"It's a long story, but... we were both poisoned, and there was only enough antidote for one us. She insisted I take it." Eternity Weeps, obviously, but also a deliberate reference to The Caves of Androzani, in the way that Chris describes it now. It's not really what happened, because a) Liz said that she was a vector for the disease and the injection wouldn't work on her as the disease was too advanced and b) Jason was also present. But Chris clearly has survivor's guilt, so it's no surprise he's reframing the story.

    Pg 29 "You know, Chris, if this is a natural phenomenon, we could have this sorted out by teatime tomorrow." In a book with the level of symbolism that this one has, you start seeing things. This could well be a reference to the final speech in Survival. The Doctor has enjoyed tea throughout all his incarnations.

    "If I've got to go regenerate again, go through that miniature death one more time, I want it to be on my own terms." The Telemovie. This also references the fact that the NAs had assumed that only an event of momentous power could bring down the godlike seventh Doctor, where in reality he dies in a simple accident. The idea that the Doctor 'dies' whenever he regenerates is further reinforced in the new series episode The Parting of the Ways.

    Pgs 29-30 "Time won't have her Champion for much longer." Yes, they were shutting all aspects of the NAs down. The Doctor has been Time's Champion on and off since Timewyrm: Revelation, and at its most obvious in Love and War.

    Pg 30 "He'd seen that girl with the face of a clock once before, in another of those dreams. 'Is this your new steward?' she had asked the Doctor. 'Or have you brought me a sacrifice?'" Ace was, alternately, both the Doctor's steward and his sacrifice in many ways. The girl with the face of a clock is Time. Like much of the book, these are images that have resonated throughout the NAs. (As an aside, the image is also shared by the clock-faced people in Anachrophobia.)

    "'Make it quick,' Liz had told him, and he hadn't been able to do it, hadn't been able to spare her those slow hours of knowing." Eternity Weeps, although we don't hear her say those words there (but a lot of Jim Mortimore's dialogue was sentence fragments).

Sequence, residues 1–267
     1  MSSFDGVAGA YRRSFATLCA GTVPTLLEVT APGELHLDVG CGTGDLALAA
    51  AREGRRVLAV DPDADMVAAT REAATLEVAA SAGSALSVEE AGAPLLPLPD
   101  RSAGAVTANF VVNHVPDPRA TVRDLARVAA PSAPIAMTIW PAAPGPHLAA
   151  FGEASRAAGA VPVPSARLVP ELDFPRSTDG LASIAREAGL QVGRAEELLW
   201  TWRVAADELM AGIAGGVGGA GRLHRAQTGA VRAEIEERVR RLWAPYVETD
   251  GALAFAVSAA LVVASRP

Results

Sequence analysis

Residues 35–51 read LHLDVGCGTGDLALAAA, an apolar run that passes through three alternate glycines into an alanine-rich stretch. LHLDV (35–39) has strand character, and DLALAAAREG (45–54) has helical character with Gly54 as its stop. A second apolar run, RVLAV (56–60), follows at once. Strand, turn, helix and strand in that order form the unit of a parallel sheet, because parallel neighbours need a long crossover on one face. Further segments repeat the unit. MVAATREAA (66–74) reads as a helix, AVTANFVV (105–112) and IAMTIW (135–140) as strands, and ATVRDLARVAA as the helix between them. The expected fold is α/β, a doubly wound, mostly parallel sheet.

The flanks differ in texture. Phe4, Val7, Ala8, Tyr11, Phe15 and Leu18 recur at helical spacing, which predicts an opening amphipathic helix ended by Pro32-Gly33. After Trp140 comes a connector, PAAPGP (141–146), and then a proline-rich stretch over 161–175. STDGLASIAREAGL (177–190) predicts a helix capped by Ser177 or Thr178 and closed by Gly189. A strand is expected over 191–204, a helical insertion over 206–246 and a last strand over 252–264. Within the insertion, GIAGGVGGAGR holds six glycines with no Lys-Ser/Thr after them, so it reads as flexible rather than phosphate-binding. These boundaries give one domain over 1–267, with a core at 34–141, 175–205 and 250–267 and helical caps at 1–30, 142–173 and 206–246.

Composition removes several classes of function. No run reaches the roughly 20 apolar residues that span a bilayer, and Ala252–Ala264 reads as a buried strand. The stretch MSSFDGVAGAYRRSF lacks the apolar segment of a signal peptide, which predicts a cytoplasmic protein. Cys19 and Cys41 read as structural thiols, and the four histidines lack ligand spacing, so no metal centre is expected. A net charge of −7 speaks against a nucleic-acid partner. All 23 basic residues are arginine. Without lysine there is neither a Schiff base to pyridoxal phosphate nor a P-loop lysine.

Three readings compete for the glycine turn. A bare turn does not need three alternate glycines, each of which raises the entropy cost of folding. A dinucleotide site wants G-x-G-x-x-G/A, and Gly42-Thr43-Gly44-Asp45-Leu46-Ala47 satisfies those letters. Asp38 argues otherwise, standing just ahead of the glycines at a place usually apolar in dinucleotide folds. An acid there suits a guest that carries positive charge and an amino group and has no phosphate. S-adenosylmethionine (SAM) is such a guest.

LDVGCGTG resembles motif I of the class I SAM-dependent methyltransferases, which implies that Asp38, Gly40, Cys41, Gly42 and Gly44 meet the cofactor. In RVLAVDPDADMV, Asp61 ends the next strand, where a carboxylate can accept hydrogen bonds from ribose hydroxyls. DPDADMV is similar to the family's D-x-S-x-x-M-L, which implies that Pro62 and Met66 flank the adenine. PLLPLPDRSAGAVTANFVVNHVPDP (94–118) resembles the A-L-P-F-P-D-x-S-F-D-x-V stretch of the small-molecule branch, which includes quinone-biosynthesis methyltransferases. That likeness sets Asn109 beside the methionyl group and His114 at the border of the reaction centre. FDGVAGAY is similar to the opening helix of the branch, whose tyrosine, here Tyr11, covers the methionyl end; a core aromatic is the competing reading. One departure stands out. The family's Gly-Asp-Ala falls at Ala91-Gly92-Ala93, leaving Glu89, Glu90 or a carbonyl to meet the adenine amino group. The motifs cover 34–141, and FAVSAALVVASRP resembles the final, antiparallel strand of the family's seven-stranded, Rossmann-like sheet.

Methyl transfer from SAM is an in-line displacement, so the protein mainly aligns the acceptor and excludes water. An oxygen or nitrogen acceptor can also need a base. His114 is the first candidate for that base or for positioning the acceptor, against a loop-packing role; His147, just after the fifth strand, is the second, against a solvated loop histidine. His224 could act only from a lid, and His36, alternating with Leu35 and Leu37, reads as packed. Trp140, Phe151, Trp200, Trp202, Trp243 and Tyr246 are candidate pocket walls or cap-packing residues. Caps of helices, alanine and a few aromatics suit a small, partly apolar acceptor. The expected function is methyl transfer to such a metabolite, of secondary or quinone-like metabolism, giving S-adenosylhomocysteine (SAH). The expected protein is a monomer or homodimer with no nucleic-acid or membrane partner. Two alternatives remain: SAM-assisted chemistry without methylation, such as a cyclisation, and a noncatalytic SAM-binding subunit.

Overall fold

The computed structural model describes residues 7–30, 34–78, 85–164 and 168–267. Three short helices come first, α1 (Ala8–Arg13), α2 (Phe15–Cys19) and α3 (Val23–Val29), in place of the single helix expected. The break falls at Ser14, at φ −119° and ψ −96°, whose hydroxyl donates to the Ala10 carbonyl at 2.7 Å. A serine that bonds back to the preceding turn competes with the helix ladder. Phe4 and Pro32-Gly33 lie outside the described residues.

Pg 32 The Doctor's pockets are emptied. Typically, he appears to have more in them than they could possibly hold.

    Pg 35 "'I hate goodbyes,' whispered the Doctor. 'And I want to get an early start.'" The Doctor has often repeated this sentiment about leaving.

    Pg 39 "Sometimes I think about going home. Hiding in the libraries and the cloisters." This prefigures Lungbarrow.

    Pg 40 Liz's 'bastard' line from Eternity Weeps is repeated again.

    Pg 44 "'Miss Penelope Gate,' said the small figure." As we all know, the Telemovie stated that the Doctor was half-human. In the original plans for the American series, the Doctor was due to meet his father and mother in the final story of the first season. Later books, particularly Unnatural History have suggested that the Doctor's father is called Ulysses and his mother is Penelope. Both these characters appear in flashback as, possibly, the Doctor's parents in The Gallifrey Chronicles (and The Infinity Doctors). And Penelope here has invented a time machine. Miss Penelope Gate, then, may eventually be the Doctor's mother (although Lungbarrow suggests a different theory).

    Pg 45 Joel: "This is too strange. We must have achieved infinite improbability, or something." It's not really a surprise that Joel is quoting The Hitch-Hiker's Guide to the Galaxy.

    Pg 46 Penelope has invented a time machine: "'Invented?' said the Doctor. 'You're Victorian, surely. What does it run on, steam? Static electricity?'" The Mark of the Rani (perhaps facetiously) and The Evil of the Daleks (less so).

    Pgs 47-48 "And guess who got booted out of HQ to take care of it, two days before the Professor X movie premiered?" Professor X is the Who universe equivalent of Doctor Who (this goes back at least to Conundrum). This then, dated in the text to May 1996, is the Who universe equivalent of the Telemovie, which was obviously very much in everyone's thoughts when The Room With No Doors was published. Later on, Joel states that he never got the opportunity to see whether the option on the series had been taken up. He would have been disappointed. However, he'll be much happier now 2005 has come along!

    Pg 48 "So you've been working for the Admiral all this time?" The Admiral is Benny's father, last seen in Return of the Living Dad.

    Reference to the death of Roz (So Vile A Sin).

    "I had to impersonate a monk a while back." Warchild.

    Pg 49 "Mr Cwej (which was pronounced Kwedge he had told her)" This is not the correct pronunciation of the name (it should be 'Shvay') but Chris prefers it, as established in Original Sin. See also later on.

    Pg 50 "The underground railroad has spread all over the planet; I've lost count of how many stranded aliens we've helped out. It'd be easy to spend a lifetime doing that. I think the Admiral wants me to follow in his footsteps. Take over when he's too old to be running around, dodging the CIA." Return of the Living Dad. The CIA is either the Celestial Intervention Agency from The Deadly Assassin, or the American one, assuming they're not the same thing (see The King of Terror and No Future for two takes on this).

    Pg 51 "The weirdest thing was when I met the Doctor. Back in '87" This is another 'appearance' of the Eighth Doctor in the NAs (the first was in Damaged Goods).